However, in her tragically short life, Iris Chang left a footprint in the sand far, far larger than most most of us will ever make, by bringing what happened at Nanking into more general awareness, particularly among Americans.

    In another book, she had made Americans more aware of the contributions made by Chinese immigrants to American history and culture, and thereby put Chinese Americans more in the centre of the general consciousness of Americans, with all the beneficial effects.

    A friend and I exchanged blogging comments about Iris Chang’s death shortly after it happened. In one of his comments he suggested, in relation to her possible attitude towards her incipient depression – which may well have given hints of its existence years before she died, that:

    “…..she may not have wanted to treat it [the incipient depression], because to not be depressed about the subjects she was writing about [the people of Nanking] would be demeaning to them, would dishonour the people who had died……..”.

    Who knows?

    Perhaps the manner of Iris Chang’s death and its cause will heighten general awareness of how devastating an illness depression is, and how real.

    Thus it will help accelerate changes to bring about better and more sympathetic treatment for people with depression.

    Incidentally, for anyone not depressed but wanting to understand how devastating depression is, I recommend highly a little book, “Darkness Visible”, which the late novelist, William Styron, wrote about his own severe depression which almost caused him to take his life.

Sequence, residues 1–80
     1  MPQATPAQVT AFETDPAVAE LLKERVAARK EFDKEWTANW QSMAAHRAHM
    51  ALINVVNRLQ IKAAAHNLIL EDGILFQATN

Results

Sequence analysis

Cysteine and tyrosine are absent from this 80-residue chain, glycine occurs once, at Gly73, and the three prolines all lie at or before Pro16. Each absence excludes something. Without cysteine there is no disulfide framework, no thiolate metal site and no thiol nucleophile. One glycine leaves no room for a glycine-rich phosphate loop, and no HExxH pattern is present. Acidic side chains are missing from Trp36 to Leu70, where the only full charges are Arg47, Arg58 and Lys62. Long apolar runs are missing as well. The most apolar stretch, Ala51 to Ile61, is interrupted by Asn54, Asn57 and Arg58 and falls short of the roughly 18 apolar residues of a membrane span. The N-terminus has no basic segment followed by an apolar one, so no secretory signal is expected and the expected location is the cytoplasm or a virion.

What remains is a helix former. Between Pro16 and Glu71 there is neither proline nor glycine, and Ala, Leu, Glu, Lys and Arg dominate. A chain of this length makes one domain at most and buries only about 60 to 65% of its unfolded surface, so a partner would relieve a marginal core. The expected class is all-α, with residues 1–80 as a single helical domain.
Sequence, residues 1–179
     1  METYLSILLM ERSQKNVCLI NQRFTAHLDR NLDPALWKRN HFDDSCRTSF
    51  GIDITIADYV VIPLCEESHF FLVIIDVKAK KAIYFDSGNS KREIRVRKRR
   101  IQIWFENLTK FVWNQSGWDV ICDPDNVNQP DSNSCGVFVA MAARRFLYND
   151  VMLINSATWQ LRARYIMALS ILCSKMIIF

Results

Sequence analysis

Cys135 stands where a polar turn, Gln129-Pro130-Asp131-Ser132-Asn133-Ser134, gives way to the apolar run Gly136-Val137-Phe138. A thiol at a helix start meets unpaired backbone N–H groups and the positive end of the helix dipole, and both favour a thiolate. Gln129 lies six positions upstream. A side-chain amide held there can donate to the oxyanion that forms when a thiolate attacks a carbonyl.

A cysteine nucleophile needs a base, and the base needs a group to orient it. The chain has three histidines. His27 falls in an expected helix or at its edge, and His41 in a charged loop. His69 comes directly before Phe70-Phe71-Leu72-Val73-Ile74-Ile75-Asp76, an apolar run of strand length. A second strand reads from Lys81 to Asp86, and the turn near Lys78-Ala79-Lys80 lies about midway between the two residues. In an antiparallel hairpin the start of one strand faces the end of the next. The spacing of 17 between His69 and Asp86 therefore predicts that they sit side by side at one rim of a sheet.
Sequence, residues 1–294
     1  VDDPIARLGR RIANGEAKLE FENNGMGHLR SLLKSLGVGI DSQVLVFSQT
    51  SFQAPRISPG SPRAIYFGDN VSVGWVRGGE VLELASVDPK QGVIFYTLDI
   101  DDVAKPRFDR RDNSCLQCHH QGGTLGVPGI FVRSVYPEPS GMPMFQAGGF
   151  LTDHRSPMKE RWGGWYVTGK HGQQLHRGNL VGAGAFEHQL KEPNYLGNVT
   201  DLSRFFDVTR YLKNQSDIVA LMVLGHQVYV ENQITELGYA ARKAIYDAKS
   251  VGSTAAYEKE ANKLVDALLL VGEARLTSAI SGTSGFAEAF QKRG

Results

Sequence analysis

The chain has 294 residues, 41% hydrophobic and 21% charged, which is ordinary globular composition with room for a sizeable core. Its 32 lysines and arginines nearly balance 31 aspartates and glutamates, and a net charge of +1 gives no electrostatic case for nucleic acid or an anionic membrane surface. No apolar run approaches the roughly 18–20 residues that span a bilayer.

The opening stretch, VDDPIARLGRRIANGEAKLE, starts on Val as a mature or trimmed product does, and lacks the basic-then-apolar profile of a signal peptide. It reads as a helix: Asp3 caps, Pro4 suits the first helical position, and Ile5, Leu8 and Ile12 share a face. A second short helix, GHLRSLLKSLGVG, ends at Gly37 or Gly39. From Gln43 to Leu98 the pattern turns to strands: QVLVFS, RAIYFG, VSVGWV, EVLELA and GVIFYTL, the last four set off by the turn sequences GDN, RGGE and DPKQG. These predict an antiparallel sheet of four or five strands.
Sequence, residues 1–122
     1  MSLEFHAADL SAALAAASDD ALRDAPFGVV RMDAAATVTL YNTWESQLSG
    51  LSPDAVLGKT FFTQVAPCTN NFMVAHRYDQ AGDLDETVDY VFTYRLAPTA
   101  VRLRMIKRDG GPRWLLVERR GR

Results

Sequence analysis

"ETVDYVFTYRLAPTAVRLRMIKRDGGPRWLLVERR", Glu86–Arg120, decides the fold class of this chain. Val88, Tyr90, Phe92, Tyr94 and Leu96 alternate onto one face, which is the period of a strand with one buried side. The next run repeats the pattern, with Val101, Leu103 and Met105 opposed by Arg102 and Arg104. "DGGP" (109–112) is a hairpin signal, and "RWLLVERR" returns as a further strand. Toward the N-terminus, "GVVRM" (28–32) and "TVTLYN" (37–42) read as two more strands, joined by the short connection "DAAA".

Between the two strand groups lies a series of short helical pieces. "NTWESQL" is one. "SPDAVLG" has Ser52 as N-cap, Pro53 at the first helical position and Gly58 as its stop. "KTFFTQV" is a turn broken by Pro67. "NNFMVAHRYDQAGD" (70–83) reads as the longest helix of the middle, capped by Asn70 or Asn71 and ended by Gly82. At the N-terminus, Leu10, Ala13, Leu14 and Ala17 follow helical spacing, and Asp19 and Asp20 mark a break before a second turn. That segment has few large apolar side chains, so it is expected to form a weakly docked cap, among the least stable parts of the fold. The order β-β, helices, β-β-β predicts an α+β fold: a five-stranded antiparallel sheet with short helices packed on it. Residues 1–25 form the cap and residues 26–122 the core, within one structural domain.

Think only of his description of severe depression as:

    “…….a veritable howling tempest in the brain…..”.

    Styron also wrote: “………Depression is a disorder of mood, so mysteriously painful and elusive in the way it becomes known to the self – to the mediating intellect – as to verge close to being beyond description. It thus remains nearly incomprehensible to those who have not experienced it in its extreme mode….”

    And: “……..The pain of severe depression is quite unimaginable to those who have not suffered it, and it kills in many instances because its anguish can no longer be borne……”.

    And : “………The grey drizzle of horror induced by depression takes on the quality of physical pain…………….comes to resemble the diabolical discomfort of being imprisoned in a fiercely overheated room. And because no breeze stirs this cauldron, because there is no escape from this smothering confinement, it is entirely natural that the victim begins to think ceaselessly of oblivion………”